Miriam: Welcome to being a woman and buying any shoe ever. There's no support of any kind in a women's shoe. But, wouldn't it be cool to find out that Nico was 42 or Molly was 46. It would not be possible, but you'd be like, sure it's possible! Wow! That completely changes...wow!
Peter: And then we'd move on and we wouldn't care.
Miriam: Yeah, we wouldn't care. But we're actors. We're gypsies. Were weirdos.
Peter: I think we'd press them and be like, 'But why? Why didn't you tell us?'
So Peter, how do you feel about Charles and Liza, because he has really great conversations with Liza and there's definitely something there, but there really can't be anything there because the whole at work thing is not going to work if she's going to be 26. I'm not sure what I'm asking.
Peter: You just basically did Charles' brain diagram. I think you articulated that very well. It's complicated. I think his life is a dance between intellect and feeling and whether he lives with his head or his heart. Many times, that's a beautiful way to go through life, but other times that's a way to keep life from moving forward.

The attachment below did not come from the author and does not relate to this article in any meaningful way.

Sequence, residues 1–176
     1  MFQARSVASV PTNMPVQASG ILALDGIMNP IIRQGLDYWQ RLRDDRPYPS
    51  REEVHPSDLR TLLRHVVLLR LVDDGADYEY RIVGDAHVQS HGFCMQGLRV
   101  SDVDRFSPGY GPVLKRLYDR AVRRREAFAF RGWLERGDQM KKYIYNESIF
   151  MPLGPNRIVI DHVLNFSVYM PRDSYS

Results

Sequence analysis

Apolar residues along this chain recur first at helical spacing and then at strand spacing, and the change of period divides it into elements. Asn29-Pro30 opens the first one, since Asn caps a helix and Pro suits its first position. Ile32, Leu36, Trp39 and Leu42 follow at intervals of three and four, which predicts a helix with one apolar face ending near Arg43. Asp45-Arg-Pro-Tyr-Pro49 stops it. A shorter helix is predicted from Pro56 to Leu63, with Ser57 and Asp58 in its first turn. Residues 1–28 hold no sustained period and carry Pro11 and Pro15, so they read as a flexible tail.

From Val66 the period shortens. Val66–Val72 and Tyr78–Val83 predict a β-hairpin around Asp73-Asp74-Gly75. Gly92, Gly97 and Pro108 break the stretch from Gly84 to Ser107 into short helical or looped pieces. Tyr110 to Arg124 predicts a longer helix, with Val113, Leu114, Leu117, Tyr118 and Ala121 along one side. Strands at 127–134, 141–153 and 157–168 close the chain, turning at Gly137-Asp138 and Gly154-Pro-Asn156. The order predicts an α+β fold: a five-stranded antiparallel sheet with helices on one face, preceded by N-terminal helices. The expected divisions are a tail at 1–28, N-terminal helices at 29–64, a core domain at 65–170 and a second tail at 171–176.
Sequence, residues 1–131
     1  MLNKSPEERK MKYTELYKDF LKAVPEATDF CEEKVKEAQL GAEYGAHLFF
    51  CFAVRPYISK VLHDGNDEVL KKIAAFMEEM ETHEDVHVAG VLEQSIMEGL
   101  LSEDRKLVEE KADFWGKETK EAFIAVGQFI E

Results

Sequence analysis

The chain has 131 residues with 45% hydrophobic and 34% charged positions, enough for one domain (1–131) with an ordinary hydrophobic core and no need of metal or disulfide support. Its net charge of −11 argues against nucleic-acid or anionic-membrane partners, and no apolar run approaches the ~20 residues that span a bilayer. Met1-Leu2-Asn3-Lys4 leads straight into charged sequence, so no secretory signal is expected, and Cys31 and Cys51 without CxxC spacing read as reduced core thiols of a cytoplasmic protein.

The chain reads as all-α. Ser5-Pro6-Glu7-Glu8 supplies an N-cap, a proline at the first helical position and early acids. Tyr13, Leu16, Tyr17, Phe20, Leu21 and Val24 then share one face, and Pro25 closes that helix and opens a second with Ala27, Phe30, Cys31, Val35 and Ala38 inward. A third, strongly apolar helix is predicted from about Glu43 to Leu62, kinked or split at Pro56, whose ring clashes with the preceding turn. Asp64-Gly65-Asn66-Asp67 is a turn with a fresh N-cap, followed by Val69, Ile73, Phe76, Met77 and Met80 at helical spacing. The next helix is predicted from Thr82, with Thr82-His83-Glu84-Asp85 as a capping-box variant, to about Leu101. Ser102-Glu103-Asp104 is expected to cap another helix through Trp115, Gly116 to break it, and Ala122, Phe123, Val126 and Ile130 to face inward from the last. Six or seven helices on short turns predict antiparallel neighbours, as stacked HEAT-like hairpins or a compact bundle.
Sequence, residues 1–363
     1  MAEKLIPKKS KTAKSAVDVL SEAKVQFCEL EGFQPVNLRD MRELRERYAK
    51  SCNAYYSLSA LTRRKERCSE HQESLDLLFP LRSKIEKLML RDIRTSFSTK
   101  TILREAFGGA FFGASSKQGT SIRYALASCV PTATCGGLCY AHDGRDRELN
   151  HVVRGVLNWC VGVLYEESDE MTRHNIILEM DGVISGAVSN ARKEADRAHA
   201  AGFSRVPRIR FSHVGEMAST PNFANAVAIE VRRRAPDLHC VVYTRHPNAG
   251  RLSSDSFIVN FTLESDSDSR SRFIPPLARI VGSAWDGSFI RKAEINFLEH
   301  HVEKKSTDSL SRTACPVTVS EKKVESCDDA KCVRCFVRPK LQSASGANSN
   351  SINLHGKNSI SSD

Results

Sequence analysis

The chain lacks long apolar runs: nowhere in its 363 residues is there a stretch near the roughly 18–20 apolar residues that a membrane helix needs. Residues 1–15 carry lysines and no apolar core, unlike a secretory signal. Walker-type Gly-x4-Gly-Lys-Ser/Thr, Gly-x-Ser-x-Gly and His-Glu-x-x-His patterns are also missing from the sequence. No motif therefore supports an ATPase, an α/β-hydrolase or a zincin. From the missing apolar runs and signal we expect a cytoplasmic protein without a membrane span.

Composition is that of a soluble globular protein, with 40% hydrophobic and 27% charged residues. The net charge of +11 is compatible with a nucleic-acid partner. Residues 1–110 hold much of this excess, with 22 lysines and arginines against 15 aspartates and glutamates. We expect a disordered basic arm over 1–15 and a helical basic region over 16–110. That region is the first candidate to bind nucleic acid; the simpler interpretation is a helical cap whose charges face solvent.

I think his marriage wasn't easy, his divorce wasn't easy and the idea of cracking that door open again? That's not uncomplicated for him either. That definitely factors in. He's got two kids, and yet there's this blazing light in his life.
Miriam: Diana? You're talking about Diana.
Peter: Diana Trout. There's this blazing light in his life in whose presence life just feels better.
Miriam: Don't you want her to pick Charles now?
If you look on our couples of the year slideshow, I picked Liza and Charles.
Peter: You did?
Miriam: I was #TeamBoth because we're modern women.
I do like them both, but the pragmatic side of me says Charles, because I'm sure he's fine in the sack, and you can pick up the rest later, but the conversations...
Peter: And fine is enough. Fine is all you want. [Miriam laughs and laughs]
No...the conversations? Those scenes make me melt. Like the one at the end of the season in the bar? Those are amazing. As opposed to popping over to the skate park? Sorry.
Diana makes it into our slideshows too. We like to pull out the Younger crowd. It's worthy of the awards.
Miriam: I didn't kill this one! I killed the others, though, but not this one.
Carissa Pavlica is the managing editor and a staff writer and critic for TV Fanatic. She's a member of the Critic's Choice Association, enjoys mentoring writers, cats, and passionately discussing the nuances of television and film. Follow her on Twitter and email her here at TV Fanatic.